Davis Mills’ arm strength, size and classic throwing mechanics are rare and intriguing enough that several NFL general managers and scouts have stated privately he would have likely been a high first-round draft pick next year if he had remained at Stanford for his senior year.
The Atlanta native declared early, though, and was the eighth quarterback drafted overall following Trevor Lawrence, Zach Wilson, Trey Lance, Justin Fields, Mac Jones, Kyle Trask and Kellen Mond.
The Texans are banking on the rookie quarterback’s upside, drafting him in the third round with the 67th overall selection and creating a proving ground for him this year behind veteran Tyrod Taylor.
How fast Mills develops gives a team in flux at the NFL’s most important position some flexibility going forward. If Mills is able to earn a starting job within the next year and the Texans are able to trade Pro Bowl quarterback Deshaun Watson, who’s facing 22 civil lawsuits alleging sexual misconduct and has a no-trade clause in his $156 million contract, they could accelerate their rebuilding process being overseen by new general manager Nick Caserio and coach David Culley.
“Davis Mills, man, the ball comes out of his hand really nice,” an NFL scouting director said. “His release quickness is really good. There are a lot of good reasons why a lot of people around the league are saying he could have been a first-round draft pick next year if he had stayed in school. I think he’s very intriguing. I like his potential a lot.”
"Davis Mills could have been a top-five pick next year," an NFL general manager said. "I like the guy. He just had bad timing with how good this year's quarterback class was, but he should be a good pro. I like his mental makeup, his placement of the ball and the fact that he's come back strong from a knee injury. There's something about him."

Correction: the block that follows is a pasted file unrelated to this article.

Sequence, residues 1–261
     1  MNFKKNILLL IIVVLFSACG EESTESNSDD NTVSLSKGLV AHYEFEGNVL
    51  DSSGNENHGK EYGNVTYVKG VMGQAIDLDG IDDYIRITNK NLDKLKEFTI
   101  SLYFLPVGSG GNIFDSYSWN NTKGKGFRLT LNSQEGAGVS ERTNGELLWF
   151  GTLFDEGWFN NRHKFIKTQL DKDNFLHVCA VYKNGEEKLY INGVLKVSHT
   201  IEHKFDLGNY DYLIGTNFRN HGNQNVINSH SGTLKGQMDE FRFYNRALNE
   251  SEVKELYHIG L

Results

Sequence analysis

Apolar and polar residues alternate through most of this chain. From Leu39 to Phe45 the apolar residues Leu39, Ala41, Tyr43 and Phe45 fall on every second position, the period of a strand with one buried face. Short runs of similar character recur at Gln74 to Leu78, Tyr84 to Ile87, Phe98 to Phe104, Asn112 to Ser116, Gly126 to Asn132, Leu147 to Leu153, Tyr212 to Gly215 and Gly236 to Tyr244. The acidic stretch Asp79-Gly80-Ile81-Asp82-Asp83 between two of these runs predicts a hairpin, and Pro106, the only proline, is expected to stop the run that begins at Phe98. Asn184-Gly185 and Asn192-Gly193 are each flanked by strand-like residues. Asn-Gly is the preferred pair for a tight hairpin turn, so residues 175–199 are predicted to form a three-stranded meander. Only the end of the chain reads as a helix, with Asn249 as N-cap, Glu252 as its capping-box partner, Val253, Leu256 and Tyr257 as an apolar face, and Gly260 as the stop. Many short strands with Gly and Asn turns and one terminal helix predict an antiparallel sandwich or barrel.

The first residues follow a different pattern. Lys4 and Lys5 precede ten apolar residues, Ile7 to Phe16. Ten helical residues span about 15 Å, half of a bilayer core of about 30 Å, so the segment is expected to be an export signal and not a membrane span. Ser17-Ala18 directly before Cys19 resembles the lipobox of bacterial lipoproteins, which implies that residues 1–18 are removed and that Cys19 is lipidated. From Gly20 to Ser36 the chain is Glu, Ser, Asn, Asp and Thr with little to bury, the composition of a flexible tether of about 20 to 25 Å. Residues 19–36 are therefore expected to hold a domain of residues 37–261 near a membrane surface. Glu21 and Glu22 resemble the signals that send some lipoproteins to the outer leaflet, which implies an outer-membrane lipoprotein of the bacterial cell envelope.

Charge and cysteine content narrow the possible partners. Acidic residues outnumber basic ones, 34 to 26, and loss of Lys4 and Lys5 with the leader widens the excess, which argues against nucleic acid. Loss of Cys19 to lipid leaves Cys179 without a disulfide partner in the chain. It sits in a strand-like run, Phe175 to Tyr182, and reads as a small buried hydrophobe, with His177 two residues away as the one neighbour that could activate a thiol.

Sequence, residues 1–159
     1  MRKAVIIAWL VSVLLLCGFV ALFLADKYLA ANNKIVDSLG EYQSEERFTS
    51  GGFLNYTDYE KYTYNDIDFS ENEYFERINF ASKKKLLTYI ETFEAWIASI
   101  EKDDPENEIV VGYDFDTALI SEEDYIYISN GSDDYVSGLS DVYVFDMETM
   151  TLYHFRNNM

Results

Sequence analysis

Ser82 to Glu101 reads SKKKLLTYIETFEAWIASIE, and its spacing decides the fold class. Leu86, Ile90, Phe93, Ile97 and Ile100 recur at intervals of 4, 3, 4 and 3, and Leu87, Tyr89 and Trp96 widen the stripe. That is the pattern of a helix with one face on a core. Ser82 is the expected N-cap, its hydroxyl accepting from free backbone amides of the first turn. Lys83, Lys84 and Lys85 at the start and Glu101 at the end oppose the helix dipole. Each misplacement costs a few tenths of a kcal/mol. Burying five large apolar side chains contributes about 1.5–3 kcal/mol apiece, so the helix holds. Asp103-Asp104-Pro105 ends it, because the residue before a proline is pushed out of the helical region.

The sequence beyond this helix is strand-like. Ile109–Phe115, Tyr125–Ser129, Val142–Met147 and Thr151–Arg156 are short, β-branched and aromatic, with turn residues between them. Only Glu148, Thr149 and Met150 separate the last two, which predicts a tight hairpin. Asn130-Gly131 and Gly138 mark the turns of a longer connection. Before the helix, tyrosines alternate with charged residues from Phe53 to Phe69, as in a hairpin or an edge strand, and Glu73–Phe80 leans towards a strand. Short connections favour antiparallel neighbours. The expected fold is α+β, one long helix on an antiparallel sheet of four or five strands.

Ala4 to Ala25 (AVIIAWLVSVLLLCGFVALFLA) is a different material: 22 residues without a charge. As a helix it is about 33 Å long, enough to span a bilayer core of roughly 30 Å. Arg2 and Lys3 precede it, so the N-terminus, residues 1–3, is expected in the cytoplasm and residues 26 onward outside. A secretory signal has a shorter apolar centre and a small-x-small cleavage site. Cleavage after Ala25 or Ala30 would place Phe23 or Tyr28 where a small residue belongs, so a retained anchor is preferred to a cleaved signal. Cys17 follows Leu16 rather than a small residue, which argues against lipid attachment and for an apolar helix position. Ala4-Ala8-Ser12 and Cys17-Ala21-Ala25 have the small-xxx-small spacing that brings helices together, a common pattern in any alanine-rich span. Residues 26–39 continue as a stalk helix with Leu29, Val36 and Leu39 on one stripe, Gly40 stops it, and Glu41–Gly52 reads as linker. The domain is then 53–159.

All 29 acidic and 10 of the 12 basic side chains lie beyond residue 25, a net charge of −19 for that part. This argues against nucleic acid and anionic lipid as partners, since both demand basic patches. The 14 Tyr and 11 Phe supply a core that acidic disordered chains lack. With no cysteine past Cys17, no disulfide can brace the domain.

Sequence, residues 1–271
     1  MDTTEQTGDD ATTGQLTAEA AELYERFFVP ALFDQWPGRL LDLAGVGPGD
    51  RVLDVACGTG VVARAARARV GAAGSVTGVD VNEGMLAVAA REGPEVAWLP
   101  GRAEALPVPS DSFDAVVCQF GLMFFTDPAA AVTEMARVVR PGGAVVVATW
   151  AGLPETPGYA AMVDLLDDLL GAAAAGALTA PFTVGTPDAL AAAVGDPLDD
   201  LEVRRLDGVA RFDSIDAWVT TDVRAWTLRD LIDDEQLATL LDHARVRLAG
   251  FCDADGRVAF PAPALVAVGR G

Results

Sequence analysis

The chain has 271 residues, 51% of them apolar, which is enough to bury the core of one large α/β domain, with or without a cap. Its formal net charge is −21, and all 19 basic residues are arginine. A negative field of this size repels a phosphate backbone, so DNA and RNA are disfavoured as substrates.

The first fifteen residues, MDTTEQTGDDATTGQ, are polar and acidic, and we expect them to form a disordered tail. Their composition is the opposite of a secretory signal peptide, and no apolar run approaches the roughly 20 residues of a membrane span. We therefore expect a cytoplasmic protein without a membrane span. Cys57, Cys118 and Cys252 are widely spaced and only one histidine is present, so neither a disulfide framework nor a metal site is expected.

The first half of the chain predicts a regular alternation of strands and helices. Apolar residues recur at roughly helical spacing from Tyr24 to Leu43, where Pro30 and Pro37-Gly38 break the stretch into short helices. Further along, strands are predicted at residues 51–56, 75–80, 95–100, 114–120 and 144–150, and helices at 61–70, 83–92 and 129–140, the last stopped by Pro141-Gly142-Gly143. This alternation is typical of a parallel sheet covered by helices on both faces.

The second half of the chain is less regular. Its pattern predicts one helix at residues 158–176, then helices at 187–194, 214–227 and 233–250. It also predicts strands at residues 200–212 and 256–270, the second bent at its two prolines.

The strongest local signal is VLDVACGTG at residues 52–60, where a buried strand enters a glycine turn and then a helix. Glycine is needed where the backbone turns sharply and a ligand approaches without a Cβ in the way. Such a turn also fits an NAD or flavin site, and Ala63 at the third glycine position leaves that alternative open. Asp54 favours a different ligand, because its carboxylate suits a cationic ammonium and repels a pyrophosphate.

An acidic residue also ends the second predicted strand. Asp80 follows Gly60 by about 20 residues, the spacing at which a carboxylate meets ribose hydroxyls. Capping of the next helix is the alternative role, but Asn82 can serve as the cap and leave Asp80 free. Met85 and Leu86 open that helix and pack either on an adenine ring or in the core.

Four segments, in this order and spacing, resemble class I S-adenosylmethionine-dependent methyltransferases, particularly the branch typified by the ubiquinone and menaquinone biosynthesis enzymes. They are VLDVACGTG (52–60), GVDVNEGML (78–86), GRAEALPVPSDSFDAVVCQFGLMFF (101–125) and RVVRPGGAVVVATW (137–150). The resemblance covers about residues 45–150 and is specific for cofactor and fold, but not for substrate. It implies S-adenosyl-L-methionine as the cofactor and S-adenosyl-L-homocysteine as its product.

The Texans’ early reviews on Mills, participating in a three-day rookie minicamp, are extremely positive.
What they gleaned from watching film of a team captain who ranked fourth nationally in completions per game as a junior last year with a 25.8 average per game: a large, athletic quarterback well-schooled in the fundamentals of the game after playing for highly respected Stanford coach David Shaw.
“Davis Mills, I thought Nick’s staff did a great job of all of a sudden earmarking a guy that fit what a quarterback in the NFL is all about,” Culley said Saturday. “Obviously he didn’t play as much football as some of the other guys because of the COVID situation in the Pac-12, but we really love what he’s all about.
“We love all of the intangibles he has. He’s a prototype NFL quarterback and we feel good to have him. He’s smart. He can make all the throws and we feel good and feel fortunate that we’re able to get him when we got him.”
A former blue-chip recruit from Atlanta who chose Stanford over Alabama and Michigan after passing for 34 touchdowns and one interception as a senior, Mills is 6-foot-4, 225 pounds and has run the 40-yard dash in 4.81 seconds. Playing in just five games last season, he was an honorable-mention All-Pac-12 selection who passed for 1,508 yards, seven touchdowns and three interceptions. He set a single-game school record with a 504-yard performance against Washington State. As a sophomore, he passed for 1,960 yards, 11 touchdowns and five interceptions.